Catherine moves to Gwen’s town to care for her mother, who’s had a heart attack. This crisis has made Catherine question her life’s choices and women’s progress. Don, Gwen’s husband, was Catherine’s boyfriend and she now thinks perhaps Don was “the one.” What happens between the trio is the main plot of the play, but what I found most interesting was the interaction between Catherine, Gwen, Catherine’s mother and Avery, Gwen’s rebellious babysitter. Catherine needs something to do in the summer so Don’s able to get her a seminar to teach. Only two students register for Catherine’s feminist studies seminar so she holds it in her mother’s living room. Gwen and Avery turn out to be the two students.

Avery’s an outspoken millennial who got a black eye while shooting a reality show with her boyfriend. Avery has some beliefs that I confess I found shocking — yet intriguing. She argues that you can totally outsource homemaking (not just housework, but giving a home its feel). During the seminar and the cocktail hour that invariably follows, the women discuss Phyllis Schafly, Carol Clover, and other feminists. Their discussions were funny and enlightening, which surprised me as I thought the topic one I knew all about. Gionfriddo’s characters have open minds and do wrestle with ideas that you’d expect them to immediately reject. I’d never heard of feminist ideas surrounding horror movies or Clover’s concept of the “final girl.” Catherine, her mother, Gwen and Avery debate and argue without sounding pedantic. The humor reminds me of a modern day, feminist Socratic discussion, one where the participants all have a lot riding on the ideas.

Rapture, Blister, Burn has played in London and L.A. and was a finalist for the Pulitzer Prize. While, like me, you probably won’t walk out of the theater envious or any character or ready to espouse their beliefs, you will play with the ideas discussed and just might find yourself tracking down Phyllis Schafley’s books at the library. I never thought I would, but this play is full of surprises.

(*The title is from some lyrics to a Courtney Love song.)

Dear Kitten

Friskie’s cat food has a few ads on YouTube that are just hysterically fun. I laughed till I cried and I’m not a big cat fan.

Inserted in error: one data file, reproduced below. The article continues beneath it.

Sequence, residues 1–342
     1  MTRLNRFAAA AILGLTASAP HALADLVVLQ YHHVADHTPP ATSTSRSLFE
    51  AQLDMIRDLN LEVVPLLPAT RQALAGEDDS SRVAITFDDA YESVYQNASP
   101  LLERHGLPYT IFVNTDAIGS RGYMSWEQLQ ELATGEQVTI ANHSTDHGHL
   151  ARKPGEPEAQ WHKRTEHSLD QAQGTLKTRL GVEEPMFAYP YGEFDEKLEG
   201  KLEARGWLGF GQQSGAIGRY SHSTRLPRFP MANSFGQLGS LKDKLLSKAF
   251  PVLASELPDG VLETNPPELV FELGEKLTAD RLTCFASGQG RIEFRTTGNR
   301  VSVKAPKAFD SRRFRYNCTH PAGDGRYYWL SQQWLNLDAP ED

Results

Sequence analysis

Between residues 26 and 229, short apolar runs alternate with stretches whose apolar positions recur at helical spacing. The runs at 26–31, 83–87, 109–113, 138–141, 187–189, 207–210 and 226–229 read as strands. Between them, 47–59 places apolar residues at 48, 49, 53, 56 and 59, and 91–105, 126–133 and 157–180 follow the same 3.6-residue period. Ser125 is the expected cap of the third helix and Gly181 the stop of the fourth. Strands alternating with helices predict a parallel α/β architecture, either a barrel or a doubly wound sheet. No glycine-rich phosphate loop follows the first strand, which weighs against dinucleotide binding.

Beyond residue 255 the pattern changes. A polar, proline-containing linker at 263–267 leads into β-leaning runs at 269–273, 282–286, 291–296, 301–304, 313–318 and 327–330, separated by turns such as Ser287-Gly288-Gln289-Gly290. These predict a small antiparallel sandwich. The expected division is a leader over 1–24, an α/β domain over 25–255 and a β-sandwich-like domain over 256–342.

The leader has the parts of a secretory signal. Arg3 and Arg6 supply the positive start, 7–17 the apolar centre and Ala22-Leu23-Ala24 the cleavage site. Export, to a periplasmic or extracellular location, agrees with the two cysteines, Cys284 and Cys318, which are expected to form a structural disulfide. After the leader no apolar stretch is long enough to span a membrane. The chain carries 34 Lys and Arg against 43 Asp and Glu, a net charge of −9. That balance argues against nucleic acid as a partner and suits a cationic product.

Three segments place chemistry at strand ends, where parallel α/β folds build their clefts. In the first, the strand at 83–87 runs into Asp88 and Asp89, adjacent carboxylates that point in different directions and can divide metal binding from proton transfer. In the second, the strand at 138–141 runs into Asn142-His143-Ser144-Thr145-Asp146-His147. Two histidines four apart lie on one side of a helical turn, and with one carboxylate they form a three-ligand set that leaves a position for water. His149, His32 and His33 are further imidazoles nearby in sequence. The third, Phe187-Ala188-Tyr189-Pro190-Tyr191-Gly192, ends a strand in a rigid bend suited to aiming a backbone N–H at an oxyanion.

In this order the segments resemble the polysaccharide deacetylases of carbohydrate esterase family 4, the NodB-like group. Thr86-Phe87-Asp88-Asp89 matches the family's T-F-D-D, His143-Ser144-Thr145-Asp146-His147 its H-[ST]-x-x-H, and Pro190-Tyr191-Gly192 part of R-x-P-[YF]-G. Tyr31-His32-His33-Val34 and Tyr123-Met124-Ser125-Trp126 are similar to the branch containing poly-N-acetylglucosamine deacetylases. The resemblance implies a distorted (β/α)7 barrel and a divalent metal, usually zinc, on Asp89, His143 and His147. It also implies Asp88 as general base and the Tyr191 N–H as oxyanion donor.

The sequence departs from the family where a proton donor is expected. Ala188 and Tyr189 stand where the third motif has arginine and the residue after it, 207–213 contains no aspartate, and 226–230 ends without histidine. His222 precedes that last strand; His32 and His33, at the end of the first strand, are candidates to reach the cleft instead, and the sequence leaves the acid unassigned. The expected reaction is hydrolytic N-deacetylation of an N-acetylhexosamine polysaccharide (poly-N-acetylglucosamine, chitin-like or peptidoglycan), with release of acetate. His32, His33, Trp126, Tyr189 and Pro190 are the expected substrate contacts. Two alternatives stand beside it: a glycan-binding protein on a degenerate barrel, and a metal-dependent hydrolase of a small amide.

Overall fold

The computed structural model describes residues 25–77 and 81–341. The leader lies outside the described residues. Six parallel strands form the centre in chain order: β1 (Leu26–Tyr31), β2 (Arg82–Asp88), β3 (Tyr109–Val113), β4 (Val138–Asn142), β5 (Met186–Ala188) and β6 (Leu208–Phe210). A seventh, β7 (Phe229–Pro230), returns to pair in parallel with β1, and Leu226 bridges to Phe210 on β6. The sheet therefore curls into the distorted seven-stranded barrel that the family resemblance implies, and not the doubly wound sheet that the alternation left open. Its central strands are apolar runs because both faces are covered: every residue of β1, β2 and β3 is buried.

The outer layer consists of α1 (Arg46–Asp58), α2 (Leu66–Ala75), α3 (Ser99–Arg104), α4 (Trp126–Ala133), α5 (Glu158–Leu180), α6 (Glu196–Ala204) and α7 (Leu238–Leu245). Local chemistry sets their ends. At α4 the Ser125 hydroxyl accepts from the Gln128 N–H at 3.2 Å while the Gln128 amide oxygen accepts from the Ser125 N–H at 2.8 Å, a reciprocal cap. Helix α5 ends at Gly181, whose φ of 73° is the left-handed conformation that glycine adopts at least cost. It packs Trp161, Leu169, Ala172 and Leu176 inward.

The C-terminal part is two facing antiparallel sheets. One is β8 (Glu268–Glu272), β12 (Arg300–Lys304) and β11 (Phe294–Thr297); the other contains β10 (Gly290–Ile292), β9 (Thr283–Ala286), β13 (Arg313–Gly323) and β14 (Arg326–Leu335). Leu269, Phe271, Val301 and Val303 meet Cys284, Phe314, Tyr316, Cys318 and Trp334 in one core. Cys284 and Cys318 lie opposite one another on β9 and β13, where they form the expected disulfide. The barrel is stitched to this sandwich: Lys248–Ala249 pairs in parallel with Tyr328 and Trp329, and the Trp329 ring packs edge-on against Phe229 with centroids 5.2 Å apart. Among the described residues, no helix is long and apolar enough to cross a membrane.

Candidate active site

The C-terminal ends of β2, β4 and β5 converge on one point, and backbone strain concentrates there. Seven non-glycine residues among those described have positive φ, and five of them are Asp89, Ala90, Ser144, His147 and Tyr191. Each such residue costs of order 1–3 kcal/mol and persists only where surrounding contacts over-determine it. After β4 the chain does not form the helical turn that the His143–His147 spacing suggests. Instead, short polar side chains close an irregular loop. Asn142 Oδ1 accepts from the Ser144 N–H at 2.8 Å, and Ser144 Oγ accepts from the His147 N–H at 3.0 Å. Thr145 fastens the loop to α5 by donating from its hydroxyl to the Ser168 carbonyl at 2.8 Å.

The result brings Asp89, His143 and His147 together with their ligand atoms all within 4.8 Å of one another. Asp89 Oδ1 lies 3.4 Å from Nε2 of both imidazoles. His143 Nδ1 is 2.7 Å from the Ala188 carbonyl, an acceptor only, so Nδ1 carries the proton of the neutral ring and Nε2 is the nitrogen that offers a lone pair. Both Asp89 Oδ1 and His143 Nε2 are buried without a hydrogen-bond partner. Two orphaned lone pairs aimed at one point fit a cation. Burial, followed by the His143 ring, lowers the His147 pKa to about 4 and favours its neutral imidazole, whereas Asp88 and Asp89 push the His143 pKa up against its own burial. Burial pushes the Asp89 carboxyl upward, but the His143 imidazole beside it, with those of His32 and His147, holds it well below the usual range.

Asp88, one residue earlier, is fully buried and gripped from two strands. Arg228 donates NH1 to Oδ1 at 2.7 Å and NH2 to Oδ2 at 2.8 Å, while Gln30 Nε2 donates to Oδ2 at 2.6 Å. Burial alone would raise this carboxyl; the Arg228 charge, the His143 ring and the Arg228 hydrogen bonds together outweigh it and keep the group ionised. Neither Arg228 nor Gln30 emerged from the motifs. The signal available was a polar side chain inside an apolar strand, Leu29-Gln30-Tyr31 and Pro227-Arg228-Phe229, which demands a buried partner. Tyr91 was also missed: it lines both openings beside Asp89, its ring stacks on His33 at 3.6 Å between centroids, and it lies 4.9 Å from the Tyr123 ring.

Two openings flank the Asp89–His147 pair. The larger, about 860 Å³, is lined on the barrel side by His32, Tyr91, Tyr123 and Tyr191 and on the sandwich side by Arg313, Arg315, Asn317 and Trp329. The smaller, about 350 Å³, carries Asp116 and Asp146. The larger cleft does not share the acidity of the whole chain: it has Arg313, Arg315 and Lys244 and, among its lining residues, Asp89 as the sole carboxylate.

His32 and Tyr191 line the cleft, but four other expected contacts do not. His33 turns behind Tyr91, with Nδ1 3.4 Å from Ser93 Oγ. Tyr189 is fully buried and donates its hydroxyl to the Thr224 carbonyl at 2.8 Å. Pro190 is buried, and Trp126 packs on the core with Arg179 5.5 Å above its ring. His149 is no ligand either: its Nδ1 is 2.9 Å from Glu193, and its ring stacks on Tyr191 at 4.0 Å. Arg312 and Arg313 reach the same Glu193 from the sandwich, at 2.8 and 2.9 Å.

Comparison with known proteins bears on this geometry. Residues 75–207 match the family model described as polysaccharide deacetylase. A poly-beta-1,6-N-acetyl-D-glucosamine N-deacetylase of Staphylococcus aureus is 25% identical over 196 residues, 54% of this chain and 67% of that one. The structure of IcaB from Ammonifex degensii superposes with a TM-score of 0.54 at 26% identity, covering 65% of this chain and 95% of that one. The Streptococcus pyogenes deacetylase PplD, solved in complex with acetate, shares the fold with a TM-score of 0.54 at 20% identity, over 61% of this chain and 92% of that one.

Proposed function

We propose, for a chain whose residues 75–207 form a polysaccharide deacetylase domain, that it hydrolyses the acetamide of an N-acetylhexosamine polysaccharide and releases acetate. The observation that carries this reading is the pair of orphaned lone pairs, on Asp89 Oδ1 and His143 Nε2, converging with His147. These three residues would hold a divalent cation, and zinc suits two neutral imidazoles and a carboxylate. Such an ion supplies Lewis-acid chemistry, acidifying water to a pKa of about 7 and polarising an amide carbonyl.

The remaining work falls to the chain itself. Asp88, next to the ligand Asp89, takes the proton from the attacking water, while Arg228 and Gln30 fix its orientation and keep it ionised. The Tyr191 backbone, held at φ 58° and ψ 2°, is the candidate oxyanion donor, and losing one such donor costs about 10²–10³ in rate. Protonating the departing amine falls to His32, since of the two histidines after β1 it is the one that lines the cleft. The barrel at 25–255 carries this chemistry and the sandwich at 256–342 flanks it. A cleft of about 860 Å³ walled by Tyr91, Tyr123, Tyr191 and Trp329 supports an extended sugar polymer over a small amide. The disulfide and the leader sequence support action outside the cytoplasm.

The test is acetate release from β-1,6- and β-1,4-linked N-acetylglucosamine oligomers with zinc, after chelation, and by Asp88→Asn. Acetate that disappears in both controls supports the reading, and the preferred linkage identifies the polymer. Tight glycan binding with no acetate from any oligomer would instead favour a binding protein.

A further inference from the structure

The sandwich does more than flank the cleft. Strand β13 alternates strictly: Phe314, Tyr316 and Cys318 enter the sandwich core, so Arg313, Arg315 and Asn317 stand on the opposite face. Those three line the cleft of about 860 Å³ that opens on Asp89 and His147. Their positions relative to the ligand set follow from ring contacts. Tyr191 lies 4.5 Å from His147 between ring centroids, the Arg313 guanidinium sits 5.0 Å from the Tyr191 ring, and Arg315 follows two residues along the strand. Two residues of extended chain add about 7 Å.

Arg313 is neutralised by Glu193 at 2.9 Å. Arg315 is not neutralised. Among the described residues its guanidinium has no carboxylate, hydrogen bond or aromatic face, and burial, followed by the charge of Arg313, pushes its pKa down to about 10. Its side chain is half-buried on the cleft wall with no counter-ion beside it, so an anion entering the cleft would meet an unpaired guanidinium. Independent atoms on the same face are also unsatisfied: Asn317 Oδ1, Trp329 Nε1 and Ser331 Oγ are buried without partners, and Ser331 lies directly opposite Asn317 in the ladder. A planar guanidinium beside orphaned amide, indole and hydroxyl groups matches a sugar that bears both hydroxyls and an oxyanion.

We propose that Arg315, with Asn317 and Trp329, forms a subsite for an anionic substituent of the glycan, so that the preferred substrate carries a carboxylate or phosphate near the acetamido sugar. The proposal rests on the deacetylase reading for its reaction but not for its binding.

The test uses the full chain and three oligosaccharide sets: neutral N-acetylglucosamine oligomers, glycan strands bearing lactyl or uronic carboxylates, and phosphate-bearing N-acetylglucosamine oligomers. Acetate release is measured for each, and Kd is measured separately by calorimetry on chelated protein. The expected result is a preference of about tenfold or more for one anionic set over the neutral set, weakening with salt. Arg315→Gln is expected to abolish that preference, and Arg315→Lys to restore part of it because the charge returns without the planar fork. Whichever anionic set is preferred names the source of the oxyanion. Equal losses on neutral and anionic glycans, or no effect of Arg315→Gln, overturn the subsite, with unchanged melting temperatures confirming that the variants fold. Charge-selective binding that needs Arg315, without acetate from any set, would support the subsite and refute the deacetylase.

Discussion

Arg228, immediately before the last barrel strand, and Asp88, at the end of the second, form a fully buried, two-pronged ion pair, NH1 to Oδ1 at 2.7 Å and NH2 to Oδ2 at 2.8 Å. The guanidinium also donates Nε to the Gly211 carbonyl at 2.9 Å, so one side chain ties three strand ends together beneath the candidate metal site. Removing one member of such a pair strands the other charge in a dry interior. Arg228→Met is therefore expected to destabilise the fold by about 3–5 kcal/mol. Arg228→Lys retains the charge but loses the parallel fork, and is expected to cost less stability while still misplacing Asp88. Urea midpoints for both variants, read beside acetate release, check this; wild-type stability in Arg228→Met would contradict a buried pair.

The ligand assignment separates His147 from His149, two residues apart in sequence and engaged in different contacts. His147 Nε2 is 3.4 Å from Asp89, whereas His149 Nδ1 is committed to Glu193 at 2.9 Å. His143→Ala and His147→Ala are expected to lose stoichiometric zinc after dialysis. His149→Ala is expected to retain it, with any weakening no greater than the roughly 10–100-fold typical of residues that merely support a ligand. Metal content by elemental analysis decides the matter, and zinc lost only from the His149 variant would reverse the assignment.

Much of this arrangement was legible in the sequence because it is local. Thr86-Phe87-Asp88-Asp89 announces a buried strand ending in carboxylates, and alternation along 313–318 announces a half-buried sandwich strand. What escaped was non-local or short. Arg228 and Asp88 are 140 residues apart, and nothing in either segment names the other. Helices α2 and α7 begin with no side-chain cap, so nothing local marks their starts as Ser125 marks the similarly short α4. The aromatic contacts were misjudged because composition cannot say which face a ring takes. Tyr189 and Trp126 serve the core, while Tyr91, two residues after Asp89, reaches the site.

Let me know if you think they’re funny.

The Kid

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I wasn’t prepared for the pathos of Charlie Chaplin’s The Kid. I didn’t expect the storyline either. In The Kid a single mother gets out of the charity hospital and doesn’t know what to do. Though it breaks her heart, she abandons her baby in an empty car in front of a wealthy home. It’s understandable since her love drops her photo in a fire and when he pulls it out, decides to toss it back to burn.

Yet comedy ensues and much as he doesn’t want the baby, Chaplin’s Tramp is stuck with it. The Tramp lives in a squalid apartment where just about every possession is broken or tattered. Yet he ingeniously manages to care for the baby. I loved how he rigged up a coffee pot to serve as a bottle.

Five years pass and the two are a family. They make money with a scam. The boy, who’s the epitome of a street urchin in looks, throws rocks through people’s windows. A couple minutes later the Tramp appears and he’s in the window glass business so he’ll repair the window right away. However, the local police are soon wise to them.

Meanwhile the boy’s mother has become a successful opera singer and his father, a famous artist. The two meet each other, but since the boy’s gone, there’s no reason for them to rekindle their love.